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National 41.9%, Labour 41.6%.
That's Radio New Zealand's latest poll of polls, and it shows how vital voter turnout is going to be on Saturday.
Complacency would be fatal for National, as would a poor showing by young voters for Labour.
In 2014 the Kim Dotcom fiasco energised National's supporters. Mr Dotcom's attacks on the government and his "moment of truth" threats, which turned out to be nothing, motivated National's voters and got them to the ballot boxes.
After the election, the party figured Mr Dotcom had been worth between one and two percentage points.
Compared with that, the campaign that is now in its final days has been relatively benign.
The farmer protests against Labour's proposed water tax is the closest thing to voter anger that's been seen, and the publicity around it could help National.
The rural vote mostly goes to National anyway but the folks in the provinces are likely to be more determined to make their views count than they would otherwise have been.
Labour leader Jacinda Ardern hasn't done herself any favours by putting out a water policy that lacks detail, and National is doing its best to inflame uncertainty.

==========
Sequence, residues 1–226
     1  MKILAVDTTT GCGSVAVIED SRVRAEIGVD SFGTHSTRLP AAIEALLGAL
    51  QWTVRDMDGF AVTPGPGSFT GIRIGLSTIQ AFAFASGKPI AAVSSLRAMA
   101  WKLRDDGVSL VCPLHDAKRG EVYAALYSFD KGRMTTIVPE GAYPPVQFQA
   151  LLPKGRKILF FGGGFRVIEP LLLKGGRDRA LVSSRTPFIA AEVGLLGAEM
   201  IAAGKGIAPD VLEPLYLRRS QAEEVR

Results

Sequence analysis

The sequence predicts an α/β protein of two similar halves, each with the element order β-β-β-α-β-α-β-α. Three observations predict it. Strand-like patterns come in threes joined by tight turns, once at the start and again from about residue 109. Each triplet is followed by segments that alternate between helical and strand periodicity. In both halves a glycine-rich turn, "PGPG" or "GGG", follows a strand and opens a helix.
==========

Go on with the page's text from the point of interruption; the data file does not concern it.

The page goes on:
"Only four days out from the election and Labour's leader still has no idea how much her planned water tax would cost," finance spokesman Steven Joyce said on Tuesday.
It is not correct that she has "no idea" because she has said it could be one or two cents per 1000 litres but that, as has been pointed out, is a 100% variance.
Labour says it needs time in government to nail down issues such as the water tax, which National doesn't accept.
"These people want to be running the country next week, it's simply not good enough," said Mr Joyce.
Lack of policy detail has plagued Ms Ardern throughout the campaign, but it hasn't affected her remarkable ability to get people on her side - particularly the younger ones. She's been party leader for just a few weeks and she's transformed Labour's political future from hopeless to neck-and-neck with National. And she appears to have achieved it largely by managing to generate political interest among younger voters.
Evidence of a potential "youthquake" was in the latest 1News Colmar Brunton poll, in which 67% of 18 to 34-year-old respondents said they supported Labour.
National does better than Labour when the age range gets up into the 50-plus, and much better when it reaches 65-plus.
Because they've been around a long time, nearly all of the older voters are registered. That isn't the case with the younger ones, and up to a couple of days ago less than 70% of the eligible 18 to 24-year-olds had enrolled.
When it comes to the crunch, older voters historically make an effort to get out and vote. Labour's chances of changing the government depend on the younger ones doing the same.